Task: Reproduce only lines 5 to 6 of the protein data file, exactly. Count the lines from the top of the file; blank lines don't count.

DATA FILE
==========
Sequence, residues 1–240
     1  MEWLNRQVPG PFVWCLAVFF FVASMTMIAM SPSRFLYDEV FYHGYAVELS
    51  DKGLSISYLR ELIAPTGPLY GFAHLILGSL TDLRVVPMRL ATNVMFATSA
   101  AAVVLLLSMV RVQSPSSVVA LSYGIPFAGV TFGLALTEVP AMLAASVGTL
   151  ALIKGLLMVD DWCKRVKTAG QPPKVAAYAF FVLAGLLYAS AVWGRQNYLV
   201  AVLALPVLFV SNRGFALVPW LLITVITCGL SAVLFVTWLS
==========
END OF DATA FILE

   151  ALIKGLLMVD DWCKRVKTAG QPPKVAAYAF FVLAGLLYAS AVWGRQNYLV
   201  AVLALPVLFV SNRGFALVPW LLITVITCGL SAVLFVTWLS